Being one of Shakespeare’s more unbalanced works – part comedy, part tragedy, part psychological drama and part magic realism – The Winter’s Tale can be a challenging play to stage but Edward Hall’s Propeller are not ones to back away from such a challenge.
Hall’s all-male company has steadily built a reputation as one of the most innovative interpreters of Shakespeare working today; their blood-soaked Richard III was one of the theatrical highlights of last year. Their production of The Winter’s Tale, first staged in 2005, is touring as a part of a double-bill with a new production of Henry V (although, sadly, this isn’t so in Sheffield which only gets the former), and is the type of boisterous and inventive production that Hall and company do so well.
One of the play’s main themes, the passage of time, is evoked before the lights even go down with a steady trickle of sand dripping down from the ceiling onto the stage. Ben Allen’s Mamillius walks on clutching a teddy bear before the stage becomes crowded with cigar-smoking, suit-wearing noblemen.
Very much a play of two halves, the first part of The Winter’s Tale is well handled by the company. The stage is dominated by a giant, reflective structure, designed by Michael Pavelka, and festooned with candles. Robert Hands makes for an engaging Leontes, a man driven mad by the unreasonable belief that his wife Hermione is having an affair with his childhood friend. Hall roots the play emotionally by focusing on young Mallimus, leading to a truly dramatic and touching moment where the boy watches his mother’s trial from the balcony, perfectly conveying his air of devastation. Richard Dempsey conveys a sense of dignity as Hermione, while Allen is unnervingly convincing as Mamillius; in a nice twist of casting, Allen also plays his own sister in the second half of the play, transforming into the grown Perdita residing in Bohemia.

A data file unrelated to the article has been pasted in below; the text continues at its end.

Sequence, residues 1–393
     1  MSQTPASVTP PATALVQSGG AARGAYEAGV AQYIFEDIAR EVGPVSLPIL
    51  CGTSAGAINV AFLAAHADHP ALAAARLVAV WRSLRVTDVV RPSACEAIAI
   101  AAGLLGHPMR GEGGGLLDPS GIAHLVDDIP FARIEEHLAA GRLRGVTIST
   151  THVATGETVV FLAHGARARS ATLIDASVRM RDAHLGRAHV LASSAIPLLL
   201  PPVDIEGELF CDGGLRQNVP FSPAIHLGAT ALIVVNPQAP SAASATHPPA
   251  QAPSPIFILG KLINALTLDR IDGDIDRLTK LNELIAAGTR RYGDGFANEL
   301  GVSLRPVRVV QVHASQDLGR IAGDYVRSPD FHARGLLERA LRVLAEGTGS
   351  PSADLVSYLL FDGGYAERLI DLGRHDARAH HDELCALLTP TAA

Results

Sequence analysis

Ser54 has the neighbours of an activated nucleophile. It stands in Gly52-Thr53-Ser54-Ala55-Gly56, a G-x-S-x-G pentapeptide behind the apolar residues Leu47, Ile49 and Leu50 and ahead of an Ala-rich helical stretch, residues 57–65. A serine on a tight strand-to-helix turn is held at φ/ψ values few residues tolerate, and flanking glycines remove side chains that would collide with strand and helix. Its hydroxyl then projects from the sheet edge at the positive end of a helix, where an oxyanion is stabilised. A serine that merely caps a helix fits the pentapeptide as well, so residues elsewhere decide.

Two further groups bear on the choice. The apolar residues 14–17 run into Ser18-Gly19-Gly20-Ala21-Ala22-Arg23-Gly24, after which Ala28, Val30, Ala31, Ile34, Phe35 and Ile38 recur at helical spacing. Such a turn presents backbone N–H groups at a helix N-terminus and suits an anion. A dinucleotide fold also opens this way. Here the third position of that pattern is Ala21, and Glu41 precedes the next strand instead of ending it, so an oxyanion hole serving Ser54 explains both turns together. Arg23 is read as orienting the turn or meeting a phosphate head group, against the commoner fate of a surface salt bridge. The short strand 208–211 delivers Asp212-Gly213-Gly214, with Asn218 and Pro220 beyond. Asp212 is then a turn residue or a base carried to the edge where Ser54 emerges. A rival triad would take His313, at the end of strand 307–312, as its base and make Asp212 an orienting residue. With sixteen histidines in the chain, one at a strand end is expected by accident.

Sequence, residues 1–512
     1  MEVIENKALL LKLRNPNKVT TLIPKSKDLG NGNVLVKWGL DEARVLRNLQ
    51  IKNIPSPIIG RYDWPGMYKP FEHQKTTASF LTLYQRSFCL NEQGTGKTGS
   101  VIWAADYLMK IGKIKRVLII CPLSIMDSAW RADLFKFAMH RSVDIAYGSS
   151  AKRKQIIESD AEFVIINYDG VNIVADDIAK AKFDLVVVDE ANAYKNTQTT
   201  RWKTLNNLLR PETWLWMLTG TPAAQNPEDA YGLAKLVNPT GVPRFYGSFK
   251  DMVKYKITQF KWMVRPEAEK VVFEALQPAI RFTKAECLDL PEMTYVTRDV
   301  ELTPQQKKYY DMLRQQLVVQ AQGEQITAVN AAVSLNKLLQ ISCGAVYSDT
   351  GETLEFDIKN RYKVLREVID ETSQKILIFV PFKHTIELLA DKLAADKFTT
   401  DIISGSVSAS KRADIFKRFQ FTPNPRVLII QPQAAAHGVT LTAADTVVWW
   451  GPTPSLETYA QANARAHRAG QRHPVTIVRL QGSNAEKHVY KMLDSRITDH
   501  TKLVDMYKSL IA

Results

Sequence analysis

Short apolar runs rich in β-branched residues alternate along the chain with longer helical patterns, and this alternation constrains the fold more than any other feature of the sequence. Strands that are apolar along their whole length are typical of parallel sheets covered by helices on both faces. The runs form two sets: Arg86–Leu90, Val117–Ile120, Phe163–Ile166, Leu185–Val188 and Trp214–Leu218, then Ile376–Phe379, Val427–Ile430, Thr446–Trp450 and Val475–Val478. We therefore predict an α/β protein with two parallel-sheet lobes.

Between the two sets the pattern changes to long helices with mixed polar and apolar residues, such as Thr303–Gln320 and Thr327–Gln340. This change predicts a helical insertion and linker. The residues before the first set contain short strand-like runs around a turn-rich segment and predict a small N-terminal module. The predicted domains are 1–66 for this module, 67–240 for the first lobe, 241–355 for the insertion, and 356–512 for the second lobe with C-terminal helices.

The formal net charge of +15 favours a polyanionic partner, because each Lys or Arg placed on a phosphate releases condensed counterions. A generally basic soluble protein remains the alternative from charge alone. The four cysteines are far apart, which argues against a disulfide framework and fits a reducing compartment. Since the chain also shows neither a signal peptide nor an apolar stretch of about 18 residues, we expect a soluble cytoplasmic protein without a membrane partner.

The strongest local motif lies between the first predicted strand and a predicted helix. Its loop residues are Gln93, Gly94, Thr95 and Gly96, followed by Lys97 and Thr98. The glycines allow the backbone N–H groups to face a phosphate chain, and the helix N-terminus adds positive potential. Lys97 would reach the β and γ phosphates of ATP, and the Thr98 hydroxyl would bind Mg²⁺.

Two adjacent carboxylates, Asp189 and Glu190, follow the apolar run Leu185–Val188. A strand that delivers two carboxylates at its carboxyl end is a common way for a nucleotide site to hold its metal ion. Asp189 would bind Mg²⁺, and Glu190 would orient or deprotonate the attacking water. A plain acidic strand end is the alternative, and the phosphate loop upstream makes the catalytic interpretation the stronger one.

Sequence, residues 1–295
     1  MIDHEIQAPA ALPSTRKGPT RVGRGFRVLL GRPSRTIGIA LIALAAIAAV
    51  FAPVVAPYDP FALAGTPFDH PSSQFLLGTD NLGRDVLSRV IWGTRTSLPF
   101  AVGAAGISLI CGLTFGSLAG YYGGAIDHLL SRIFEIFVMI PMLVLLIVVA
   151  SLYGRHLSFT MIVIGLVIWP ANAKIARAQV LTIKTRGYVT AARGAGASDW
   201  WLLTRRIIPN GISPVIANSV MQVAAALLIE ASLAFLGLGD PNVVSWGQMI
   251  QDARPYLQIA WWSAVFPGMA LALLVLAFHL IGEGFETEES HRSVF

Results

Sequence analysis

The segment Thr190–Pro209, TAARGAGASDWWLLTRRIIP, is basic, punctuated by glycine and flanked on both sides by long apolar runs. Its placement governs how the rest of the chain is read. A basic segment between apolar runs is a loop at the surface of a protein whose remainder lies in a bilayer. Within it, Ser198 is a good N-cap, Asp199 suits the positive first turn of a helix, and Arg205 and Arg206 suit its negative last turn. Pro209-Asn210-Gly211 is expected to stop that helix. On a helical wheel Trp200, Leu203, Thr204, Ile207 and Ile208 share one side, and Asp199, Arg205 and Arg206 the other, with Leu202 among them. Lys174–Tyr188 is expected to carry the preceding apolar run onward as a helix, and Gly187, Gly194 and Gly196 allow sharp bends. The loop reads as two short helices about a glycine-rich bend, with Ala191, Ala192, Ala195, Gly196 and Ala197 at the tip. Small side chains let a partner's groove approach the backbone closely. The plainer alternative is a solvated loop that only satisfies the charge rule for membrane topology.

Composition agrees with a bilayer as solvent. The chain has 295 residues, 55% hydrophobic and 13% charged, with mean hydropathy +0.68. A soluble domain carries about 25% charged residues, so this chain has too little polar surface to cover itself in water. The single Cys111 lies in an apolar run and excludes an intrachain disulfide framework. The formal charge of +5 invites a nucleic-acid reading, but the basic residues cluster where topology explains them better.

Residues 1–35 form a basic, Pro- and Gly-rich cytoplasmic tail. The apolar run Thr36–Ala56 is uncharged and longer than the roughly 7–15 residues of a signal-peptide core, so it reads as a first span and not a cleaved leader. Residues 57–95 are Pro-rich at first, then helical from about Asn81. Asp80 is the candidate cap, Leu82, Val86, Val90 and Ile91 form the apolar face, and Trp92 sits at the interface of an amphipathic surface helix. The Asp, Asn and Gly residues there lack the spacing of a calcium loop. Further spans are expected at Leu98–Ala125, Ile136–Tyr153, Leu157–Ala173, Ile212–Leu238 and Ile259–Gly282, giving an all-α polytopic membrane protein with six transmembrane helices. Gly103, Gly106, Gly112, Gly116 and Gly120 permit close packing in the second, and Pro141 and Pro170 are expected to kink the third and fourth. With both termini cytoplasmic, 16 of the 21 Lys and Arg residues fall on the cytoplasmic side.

It’s in this second half that Propeller’s inventiveness really comes into its own. Hall reimagines the sheep-shearing festival in Bohemia as Glastonbury during festival season, complete with tents, portaloos and a full band (with the punning title of The Bleatles). There are amusing musical references to Beyonce and Chumbawamba, and the whole sequence is spectacularly dominated by the brilliantly louche performance of Tony Bell as the petty criminal Autolycus, here re-imagined as an ageing rock star, complete with leather trousers.
Even the final, redemptive scene of Hermoine’s “statue” coming back to life is handled beautifully, and Hall lends an extra poignant touch right at the very end. It may not be the sheer sensory rollercoaster ride that was Propeller’s version of Richard III, but there are still many magical touches, such as Mamillius recounting the famous “exeunt, pursued by a bear” stage direction using puppets and – of course – his trusty teddy bear.